So from our perspective, that’s fine I mean we are ready to put the capital in that plant as part of the mini plant but at the same time, particular with ReD program where we thought as Mike highlighted enough uses with our excess cash to put into the ReD portfolio. So that it still will be operating the small plant because there are synergies with our existing staff so that’s why we still need to kind of – that’s why negotiations are little bit complicate but we do have three parties to kind of get everyone on the same page.

Michael Bernstein

That also gives you a little bit more perspectives on the evolution that top a little bit.

Sean Steuart – TD Securities

Yes that helps. Thanks Mike.

Operator

The next question is from John Safrance of Cantor Fitzgerald. Please go ahead.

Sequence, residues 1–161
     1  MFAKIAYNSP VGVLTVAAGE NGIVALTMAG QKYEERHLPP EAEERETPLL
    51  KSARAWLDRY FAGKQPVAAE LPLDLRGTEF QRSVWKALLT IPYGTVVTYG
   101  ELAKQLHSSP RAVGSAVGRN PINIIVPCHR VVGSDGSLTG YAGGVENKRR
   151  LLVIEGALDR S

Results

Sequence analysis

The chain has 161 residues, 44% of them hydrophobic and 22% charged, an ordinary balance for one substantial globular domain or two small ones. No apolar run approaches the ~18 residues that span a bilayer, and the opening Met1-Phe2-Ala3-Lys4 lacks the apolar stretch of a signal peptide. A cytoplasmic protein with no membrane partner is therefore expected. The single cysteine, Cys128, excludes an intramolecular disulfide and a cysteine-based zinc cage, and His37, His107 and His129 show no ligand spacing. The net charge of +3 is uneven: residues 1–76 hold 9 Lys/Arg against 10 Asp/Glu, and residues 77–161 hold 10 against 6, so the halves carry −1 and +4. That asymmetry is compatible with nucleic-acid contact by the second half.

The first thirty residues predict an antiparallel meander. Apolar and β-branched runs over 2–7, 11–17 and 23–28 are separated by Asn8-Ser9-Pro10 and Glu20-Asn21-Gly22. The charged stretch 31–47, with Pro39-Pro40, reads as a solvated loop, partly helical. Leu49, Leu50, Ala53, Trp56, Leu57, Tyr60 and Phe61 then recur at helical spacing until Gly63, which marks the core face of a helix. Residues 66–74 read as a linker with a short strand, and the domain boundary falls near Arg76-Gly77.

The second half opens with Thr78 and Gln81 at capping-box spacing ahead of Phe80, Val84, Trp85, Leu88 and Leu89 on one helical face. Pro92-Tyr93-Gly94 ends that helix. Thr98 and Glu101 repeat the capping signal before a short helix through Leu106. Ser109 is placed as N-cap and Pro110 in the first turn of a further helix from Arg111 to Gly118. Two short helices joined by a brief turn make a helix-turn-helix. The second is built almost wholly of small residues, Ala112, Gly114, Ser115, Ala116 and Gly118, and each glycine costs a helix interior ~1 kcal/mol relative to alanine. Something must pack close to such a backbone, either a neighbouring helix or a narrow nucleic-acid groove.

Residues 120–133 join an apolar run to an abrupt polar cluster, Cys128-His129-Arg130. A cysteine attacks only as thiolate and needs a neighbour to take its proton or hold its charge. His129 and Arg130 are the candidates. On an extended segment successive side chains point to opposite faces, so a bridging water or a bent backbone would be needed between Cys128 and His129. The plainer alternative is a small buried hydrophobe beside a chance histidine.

John Safrance – Cantor Fitzgerald

Thanks. Just can you maybe ballpark or qualify a little bit with the total equity component now outstanding obviously financing for some of the development yet to be determined but can you maybe just give us a ballpark numbers for us with what will be required from cash equity?

Michael Smerdon

Roughly about $60 million.

John Safrance – Cantor Fitzgerald

Okay. And you did mention that the $28 million or $29 million of cash that you have available for corporate purpose that excludes that investment?

Michael Smerdon

No, the $29 million that we currently have on the balance sheet is available to go into those projects and that $29 million will continue to absent the ReD project that $29 million will just continue to grow because of our lower payout ratio but as those projects require cash, you will start to see that cash balance level up and then decline as we start investing cash on cash into those ReD projects. We will also be putting some project financing in place for those projects over the balance of this quarter and next quarter to at front of the construction.

John Safrance – Cantor Fitzgerald